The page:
5

I'm trying to use the grid_location method, from the Grid Geometry Manager, in Tkinter, but it seems that I'm doing something wrong.

Here's my code:

from tkinter import * 


root = Tk()

b=Button(root, text="00")
b.grid(row=0, column=0)
b2=Button(root, text="11")
b2.grid(row=1, column=1)
b3=Button(root, text="22")
b3.grid(row=2, column=2)
b4=Button(root, text="33")
b4.grid(row=3, column=3)
b5=Button(root, text="44")
b5.grid(row=4, column=4)

def mouse(event):
    print(event.x, event.y)
    print(root.grid_location(event.x, event.y))

root.bind("<Button-1>", mouse)

root.mainloop()

When I click outside the Buttons, it works, but when I click inside of any Button, it seems that each button has its own coordinate system. So, each button is on the (0, 0) cell, despite that in the code, they are on a regular grid.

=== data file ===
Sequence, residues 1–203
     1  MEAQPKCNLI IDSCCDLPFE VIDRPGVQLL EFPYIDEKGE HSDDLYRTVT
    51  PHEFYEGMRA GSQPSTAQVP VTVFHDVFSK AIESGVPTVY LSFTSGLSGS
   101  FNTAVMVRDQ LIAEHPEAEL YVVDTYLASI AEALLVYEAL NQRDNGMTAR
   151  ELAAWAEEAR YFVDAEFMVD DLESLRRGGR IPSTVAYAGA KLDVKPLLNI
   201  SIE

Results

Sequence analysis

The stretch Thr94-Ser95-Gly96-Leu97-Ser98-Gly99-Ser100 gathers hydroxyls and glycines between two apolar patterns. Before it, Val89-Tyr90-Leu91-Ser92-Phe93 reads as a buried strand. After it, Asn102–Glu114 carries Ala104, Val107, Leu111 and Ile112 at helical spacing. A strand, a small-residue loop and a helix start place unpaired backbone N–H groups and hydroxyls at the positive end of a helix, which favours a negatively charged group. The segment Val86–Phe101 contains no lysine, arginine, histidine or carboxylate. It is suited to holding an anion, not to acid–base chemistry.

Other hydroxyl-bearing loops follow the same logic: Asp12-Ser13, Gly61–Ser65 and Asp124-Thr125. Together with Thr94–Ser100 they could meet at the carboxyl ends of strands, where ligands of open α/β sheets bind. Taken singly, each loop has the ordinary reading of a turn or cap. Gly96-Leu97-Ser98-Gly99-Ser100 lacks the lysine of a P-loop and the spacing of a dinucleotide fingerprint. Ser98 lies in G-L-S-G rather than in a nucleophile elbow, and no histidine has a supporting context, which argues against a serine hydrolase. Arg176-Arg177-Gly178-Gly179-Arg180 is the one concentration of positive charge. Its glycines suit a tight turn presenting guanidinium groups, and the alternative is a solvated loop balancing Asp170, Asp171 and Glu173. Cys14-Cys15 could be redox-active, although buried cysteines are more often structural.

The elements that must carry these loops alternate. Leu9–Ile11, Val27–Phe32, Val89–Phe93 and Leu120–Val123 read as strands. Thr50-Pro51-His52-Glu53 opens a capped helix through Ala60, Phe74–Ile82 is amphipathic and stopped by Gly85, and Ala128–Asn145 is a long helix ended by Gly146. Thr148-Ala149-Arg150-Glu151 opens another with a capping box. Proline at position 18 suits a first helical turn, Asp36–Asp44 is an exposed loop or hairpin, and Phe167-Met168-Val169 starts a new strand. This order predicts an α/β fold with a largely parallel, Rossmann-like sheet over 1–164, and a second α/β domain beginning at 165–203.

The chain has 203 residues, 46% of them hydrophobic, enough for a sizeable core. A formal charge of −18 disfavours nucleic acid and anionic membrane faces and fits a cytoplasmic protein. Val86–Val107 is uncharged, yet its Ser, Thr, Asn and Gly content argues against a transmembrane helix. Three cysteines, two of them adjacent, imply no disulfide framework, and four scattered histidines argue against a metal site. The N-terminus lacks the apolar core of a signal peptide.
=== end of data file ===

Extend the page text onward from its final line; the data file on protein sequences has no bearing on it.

7

You are correct that each button "has it's own coordinate system". More accurately, though, the event.x and event.y values are relative to the widget associated with the event rather than the widget's parent or the root window.

If you really do need the row and column that the widget is in you can use grid_info to get the row and column of the widget associated with the event. For example:

def mouse(event):
    grid_info = event.widget.grid_info()
    print("row:", grid_info["row"], "column:", grid_info["column"])
  • Thanks Bryan, worked perfectly. I tried get_info before but didn't know how to use it. Good explanation too. – Marcos Saito May 23 '11 at 21:04

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